Ukraine (MNN) — Ukraine claims Russia used chemical weapons on the city of Mariupol Monday evening. The city has been under siege since the early days of Russia’s invasion.
Such an attack would violate international law, according to NATO officials. The U.S. has already formed a team to prepare consequences for Russia should they use chemicals weapons in the invasion. The World Health Organization has a response team of 1,500 health workers in Ukraine to deal with chemical attacks.
Western nations consider chemical weapons an escalation because they put civilians in danger. Already, over four and a half million refugees have fled Ukraine to escape the violence.
Mike Jorgensen works with e3 Partners as the Director of Global Migration Initiative. He recently visited the Polish border with Ukraine. The team of six spent about a week there. Jorgensen says, “There was no central planning. It was just a lot of ministries, a lot of secular NGOs, and government programs. So many needs were being met.” People walking across the border had access to food, strollers, diapers, and even free prepaid phones.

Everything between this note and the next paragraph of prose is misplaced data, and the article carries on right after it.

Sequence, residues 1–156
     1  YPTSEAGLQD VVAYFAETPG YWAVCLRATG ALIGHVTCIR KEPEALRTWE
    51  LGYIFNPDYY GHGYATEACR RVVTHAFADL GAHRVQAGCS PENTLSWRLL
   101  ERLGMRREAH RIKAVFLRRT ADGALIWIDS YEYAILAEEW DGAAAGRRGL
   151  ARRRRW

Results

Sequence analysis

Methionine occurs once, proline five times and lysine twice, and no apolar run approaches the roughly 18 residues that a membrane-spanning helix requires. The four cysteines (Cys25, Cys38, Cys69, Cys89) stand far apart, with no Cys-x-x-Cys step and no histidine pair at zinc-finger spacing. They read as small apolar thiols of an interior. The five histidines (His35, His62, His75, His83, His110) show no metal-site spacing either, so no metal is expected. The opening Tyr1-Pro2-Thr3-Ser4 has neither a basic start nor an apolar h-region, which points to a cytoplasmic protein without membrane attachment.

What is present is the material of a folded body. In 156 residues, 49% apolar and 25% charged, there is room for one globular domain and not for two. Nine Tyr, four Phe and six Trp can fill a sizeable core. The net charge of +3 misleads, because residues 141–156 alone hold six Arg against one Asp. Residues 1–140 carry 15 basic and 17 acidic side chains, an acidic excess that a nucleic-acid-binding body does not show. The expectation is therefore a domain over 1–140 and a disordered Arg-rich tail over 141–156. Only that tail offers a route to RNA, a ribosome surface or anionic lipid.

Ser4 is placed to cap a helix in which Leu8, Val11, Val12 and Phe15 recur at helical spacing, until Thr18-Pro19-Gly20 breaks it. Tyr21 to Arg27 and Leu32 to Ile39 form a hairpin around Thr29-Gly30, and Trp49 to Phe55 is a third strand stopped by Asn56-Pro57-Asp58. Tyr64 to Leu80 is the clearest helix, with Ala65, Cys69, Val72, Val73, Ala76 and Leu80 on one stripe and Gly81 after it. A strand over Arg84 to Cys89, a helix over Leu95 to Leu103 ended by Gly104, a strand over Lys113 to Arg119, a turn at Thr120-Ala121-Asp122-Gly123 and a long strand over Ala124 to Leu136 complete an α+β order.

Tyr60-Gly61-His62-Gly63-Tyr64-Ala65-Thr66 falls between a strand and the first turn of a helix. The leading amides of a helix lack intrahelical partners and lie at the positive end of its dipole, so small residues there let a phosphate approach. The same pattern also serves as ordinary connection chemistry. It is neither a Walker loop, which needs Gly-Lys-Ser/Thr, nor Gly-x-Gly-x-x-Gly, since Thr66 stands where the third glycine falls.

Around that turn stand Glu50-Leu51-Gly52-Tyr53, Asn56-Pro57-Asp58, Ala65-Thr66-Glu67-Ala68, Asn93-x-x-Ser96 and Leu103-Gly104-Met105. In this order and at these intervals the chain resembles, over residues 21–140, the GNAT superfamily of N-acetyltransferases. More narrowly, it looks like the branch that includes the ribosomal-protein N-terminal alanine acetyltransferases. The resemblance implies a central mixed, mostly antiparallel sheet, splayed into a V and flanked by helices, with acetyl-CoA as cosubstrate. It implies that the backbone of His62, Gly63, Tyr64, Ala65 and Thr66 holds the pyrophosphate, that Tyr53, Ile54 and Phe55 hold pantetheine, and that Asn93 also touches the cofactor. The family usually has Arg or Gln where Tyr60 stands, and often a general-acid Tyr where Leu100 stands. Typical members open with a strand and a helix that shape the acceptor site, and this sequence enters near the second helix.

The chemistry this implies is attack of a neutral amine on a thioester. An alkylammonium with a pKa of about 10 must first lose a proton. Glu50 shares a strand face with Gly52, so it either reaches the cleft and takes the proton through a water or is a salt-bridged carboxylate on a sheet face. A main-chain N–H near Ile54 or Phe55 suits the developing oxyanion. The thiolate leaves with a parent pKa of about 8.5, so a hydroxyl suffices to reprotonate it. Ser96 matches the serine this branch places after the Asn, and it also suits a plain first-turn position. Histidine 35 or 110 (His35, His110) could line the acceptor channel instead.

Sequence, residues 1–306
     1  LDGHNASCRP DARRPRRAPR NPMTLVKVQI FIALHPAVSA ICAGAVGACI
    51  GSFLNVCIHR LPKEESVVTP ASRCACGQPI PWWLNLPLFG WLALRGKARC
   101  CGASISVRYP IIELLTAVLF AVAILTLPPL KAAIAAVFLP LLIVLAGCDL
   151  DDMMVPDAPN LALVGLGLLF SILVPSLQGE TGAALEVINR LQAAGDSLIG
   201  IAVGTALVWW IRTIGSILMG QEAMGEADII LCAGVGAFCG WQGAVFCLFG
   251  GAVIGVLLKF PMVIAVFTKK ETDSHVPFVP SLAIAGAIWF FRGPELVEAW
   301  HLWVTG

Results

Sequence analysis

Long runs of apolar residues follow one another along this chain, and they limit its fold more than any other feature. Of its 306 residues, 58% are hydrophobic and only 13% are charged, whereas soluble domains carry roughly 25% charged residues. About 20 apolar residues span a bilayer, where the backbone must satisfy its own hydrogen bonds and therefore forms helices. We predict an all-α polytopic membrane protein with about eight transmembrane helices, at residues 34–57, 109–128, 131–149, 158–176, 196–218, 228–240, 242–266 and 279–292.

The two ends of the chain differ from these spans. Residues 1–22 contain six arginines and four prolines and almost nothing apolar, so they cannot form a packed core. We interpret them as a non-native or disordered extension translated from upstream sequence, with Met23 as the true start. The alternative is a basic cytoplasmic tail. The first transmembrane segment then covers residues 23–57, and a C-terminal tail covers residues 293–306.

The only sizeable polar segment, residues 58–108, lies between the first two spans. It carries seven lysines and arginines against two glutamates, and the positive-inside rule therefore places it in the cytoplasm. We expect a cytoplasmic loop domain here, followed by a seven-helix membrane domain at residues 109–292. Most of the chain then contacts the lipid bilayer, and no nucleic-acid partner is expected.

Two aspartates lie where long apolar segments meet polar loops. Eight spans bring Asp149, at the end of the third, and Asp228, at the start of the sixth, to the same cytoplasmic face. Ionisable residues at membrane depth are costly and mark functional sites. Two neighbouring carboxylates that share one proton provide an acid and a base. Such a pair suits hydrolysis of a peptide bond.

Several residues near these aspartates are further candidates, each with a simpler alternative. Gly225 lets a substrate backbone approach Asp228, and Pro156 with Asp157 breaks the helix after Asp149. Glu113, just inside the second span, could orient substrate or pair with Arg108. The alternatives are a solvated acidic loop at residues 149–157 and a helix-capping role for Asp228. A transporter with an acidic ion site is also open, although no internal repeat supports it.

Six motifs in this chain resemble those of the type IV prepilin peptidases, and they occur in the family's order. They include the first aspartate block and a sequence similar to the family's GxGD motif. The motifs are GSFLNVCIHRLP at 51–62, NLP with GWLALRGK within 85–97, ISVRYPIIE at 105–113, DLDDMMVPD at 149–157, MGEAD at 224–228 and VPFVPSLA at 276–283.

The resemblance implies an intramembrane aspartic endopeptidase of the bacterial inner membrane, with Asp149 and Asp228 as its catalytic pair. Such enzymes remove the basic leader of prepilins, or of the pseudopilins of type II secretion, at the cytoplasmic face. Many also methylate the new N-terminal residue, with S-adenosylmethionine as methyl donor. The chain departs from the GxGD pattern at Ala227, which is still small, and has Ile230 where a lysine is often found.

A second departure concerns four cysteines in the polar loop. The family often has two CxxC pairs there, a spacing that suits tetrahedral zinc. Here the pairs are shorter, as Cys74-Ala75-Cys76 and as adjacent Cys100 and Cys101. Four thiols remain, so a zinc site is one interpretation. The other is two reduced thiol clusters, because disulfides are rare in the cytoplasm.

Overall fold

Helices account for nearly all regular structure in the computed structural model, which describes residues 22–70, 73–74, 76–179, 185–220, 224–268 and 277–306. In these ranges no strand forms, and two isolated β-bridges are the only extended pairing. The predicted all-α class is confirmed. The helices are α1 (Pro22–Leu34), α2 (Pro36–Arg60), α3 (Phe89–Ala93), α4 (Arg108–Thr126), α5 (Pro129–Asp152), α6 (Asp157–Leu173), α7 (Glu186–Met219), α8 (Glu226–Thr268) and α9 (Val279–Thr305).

“What we learned from the pastors that we talked to was there was a great need for trauma healing.”
The team gathered groups of refugees together and talked to them about the trauma they experienced. Often, they would point to biblical characters who suffered and how God interacted with them.
Jorgensen says they talked to Polish hosts as well. “Everybody we talked to had Ukrainian families living with them. A lot of the people that weren’t going to other countries were actually living in Polish homes. This same pastor was giving the Ukrainian believers evangelistic materials in Polish, to share with their Polish hosts.”
Russian forces have retreated from Kyiv, and many Ukrainians have started to return. Pray the war would end soon. You can also donate to support e3 Partner’s work here.
The header photo shows the city of Mariupol after Russian bombing early in the invasion. (Photo courtesy of Mvs.gov.ua, CC BY 4.0 <https://creativecommons.org/licenses/by/4.0>, via Wikimedia Commons)